• Cathartic Crying: When Riley and her parents move to San Francisco, Joy tries to keep her and everyone else positive during this difficult time. However, when Riley cries at school, Joy accidentally gets Sadness and herself transported to Long-Term Memory. Riley then spends the majority of the movie Unable to Cry and thus resolves to go back to Minnesota, even if it means running away. When Riley backs out of the plan and comes home to her parents, Joy allows Sadness to use the console to make Riley cry and confess her heartache about moving.
  • Cathartic Exhalation: The climax of the film, when Sadness can finally enable Riley to come clean about her grief, is resolved when Joy takes the helm again, and Riley's relief is signaled by a deep, shuddering sigh.
  • Censored for Comedy: When the new console is installed, Anger notes that it has a full library of curse words. When he tries to compliment it, Fear presses a button that bleeps, making it look like Fear was trying to censor Anger's last word.
  • Character Development:
    • Riley evolves as a character through the movie, both directly seen and experienced by her emotions. By the end of the film Riley has developed into a more emotionally complex person as a result of her emotional crisis, which is symbolized by the new control panel the emotions use as well as the memory orbs now seen possessing multiple colors.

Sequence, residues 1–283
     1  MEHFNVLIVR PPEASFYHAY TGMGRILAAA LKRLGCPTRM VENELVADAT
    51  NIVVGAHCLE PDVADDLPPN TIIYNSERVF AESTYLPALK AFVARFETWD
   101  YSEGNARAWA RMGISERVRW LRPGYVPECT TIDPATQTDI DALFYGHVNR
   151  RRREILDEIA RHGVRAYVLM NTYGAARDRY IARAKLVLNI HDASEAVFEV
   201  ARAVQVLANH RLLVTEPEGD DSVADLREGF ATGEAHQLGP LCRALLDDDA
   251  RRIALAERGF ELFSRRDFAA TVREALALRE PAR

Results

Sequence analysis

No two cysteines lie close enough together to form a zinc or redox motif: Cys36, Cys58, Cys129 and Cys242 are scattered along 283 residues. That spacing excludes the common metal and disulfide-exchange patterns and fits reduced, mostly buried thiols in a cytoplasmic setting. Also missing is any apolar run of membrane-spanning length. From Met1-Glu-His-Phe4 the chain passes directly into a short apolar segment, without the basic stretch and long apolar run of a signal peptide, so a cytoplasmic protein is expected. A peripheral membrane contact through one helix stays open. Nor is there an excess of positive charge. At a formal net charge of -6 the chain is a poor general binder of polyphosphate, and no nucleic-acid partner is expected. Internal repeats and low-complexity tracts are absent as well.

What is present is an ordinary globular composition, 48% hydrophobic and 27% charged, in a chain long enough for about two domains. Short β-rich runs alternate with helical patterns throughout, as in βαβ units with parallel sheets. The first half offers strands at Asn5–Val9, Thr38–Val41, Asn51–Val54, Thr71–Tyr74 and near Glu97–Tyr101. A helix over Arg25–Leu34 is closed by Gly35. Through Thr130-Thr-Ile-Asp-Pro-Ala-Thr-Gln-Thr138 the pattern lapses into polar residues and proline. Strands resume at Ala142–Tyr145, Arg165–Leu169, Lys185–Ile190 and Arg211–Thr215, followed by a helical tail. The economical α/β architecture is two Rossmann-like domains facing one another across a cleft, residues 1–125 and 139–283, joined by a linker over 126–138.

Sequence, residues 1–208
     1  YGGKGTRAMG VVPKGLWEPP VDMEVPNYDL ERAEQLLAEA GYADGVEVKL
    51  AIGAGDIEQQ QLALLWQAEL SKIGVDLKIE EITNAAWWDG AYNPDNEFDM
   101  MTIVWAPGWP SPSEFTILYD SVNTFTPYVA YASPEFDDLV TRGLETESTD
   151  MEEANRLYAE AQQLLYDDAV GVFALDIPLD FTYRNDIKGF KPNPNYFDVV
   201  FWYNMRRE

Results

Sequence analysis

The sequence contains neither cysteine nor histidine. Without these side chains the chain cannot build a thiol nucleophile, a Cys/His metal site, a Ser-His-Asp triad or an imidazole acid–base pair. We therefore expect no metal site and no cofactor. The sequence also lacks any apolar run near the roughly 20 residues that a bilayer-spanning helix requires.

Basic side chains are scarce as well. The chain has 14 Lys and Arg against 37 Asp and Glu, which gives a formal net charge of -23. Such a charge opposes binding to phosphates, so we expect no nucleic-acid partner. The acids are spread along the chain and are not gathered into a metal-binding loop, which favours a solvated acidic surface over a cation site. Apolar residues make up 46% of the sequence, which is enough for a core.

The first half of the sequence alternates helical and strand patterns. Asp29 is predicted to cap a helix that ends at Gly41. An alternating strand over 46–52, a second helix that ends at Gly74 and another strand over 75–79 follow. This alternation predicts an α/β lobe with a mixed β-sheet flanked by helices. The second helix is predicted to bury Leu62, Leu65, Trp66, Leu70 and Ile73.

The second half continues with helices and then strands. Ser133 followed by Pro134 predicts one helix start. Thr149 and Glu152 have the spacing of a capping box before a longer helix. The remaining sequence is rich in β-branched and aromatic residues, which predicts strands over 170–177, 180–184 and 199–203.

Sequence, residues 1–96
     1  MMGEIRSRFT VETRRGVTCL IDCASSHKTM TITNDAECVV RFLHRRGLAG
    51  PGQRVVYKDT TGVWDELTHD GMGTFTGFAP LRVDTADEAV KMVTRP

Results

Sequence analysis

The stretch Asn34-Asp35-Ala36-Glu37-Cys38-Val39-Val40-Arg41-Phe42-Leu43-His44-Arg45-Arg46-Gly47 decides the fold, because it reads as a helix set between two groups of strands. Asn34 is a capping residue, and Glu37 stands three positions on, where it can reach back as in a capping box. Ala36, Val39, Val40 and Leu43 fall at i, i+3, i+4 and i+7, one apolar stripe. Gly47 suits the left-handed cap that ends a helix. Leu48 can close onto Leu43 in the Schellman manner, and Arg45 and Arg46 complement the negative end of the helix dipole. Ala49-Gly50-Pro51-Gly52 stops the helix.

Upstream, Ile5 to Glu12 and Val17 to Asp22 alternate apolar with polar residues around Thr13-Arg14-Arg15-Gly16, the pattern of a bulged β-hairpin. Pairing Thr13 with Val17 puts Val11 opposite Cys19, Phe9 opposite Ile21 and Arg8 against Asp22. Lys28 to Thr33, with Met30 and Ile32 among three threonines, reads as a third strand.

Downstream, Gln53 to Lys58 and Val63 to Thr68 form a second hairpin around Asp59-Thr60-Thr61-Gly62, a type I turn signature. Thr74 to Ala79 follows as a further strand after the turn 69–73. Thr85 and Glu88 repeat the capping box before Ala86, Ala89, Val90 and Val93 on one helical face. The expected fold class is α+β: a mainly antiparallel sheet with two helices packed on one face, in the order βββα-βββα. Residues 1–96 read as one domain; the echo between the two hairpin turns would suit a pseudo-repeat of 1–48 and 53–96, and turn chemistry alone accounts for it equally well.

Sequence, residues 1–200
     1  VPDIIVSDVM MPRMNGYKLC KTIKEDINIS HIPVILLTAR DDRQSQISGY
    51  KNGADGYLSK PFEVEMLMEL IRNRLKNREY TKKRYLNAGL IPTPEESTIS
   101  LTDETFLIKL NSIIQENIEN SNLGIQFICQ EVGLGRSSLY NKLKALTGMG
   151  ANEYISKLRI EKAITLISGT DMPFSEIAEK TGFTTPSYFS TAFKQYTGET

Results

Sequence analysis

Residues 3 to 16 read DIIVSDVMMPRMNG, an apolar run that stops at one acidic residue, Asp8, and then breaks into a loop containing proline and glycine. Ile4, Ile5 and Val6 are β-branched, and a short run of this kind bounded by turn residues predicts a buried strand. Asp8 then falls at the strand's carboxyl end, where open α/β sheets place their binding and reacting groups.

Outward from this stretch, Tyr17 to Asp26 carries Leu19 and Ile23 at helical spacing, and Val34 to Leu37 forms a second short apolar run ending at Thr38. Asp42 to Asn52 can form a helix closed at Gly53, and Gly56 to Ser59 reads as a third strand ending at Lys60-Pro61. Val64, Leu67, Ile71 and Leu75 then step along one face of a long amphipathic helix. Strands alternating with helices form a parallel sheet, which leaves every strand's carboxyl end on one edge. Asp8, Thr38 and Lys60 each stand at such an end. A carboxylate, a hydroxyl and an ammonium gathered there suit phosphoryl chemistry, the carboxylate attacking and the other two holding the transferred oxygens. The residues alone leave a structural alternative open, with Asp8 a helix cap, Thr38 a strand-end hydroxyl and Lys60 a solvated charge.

• Deconstructed with the emotions, which can't fundamentally change or develop; they can only change the way they behave towards each other. Joy starts off as a bossy, self-obsessed emotion that believes she knows what's best for Riley, unable to see why Sadness ought ever to be allowed to work the console or touch a single memory. It's only through her misadventures with Sadness, and witnessing that her own insistence that Riley always be cheerful is actually making Riley desperately unhappy, that she comes to understand that other emotions have important jobs that she can't do, and that she needs to step aside from time to time.
  • Charlie Brown Baldness: Fear appears to have a single long strand of hair on his head. As his design is patterned after a neuron, it's his axon.
  • Cheated Angle: In a rare CGI example, Fear's head is almost always seen from the side.